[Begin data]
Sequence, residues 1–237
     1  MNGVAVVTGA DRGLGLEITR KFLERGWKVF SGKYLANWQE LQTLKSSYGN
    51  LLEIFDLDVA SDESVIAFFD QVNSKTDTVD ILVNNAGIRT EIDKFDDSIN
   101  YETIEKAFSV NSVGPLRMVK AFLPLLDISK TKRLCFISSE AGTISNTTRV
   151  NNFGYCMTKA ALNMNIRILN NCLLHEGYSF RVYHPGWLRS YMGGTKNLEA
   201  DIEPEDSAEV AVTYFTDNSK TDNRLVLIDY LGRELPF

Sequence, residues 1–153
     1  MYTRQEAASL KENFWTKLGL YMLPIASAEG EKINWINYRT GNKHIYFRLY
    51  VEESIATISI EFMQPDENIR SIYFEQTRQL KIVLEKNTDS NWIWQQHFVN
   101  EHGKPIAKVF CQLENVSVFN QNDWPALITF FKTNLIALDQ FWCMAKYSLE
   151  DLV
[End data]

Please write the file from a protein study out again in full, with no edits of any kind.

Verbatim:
Sequence, residues 1–237
     1  MNGVAVVTGA DRGLGLEITR KFLERGWKVF SGKYLANWQE LQTLKSSYGN
    51  LLEIFDLDVA SDESVIAFFD QVNSKTDTVD ILVNNAGIRT EIDKFDDSIN
   101  YETIEKAFSV NSVGPLRMVK AFLPLLDISK TKRLCFISSE AGTISNTTRV
   151  NNFGYCMTKA ALNMNIRILN NCLLHEGYSF RVYHPGWLRS YMGGTKNLEA
   201  DIEPEDSAEV AVTYFTDNSK TDNRLVLIDY LGRELPF

Sequence, residues 1–153
     1  MYTRQEAASL KENFWTKLGL YMLPIASAEG EKINWINYRT GNKHIYFRLY
    51  VEESIATISI EFMQPDENIR SIYFEQTRQL KIVLEKNTDS NWIWQQHFVN
   101  EHGKPIAKVF CQLENVSVFN QNDWPALITF FKTNLIALDQ FWCMAKYSLE
   151  DLV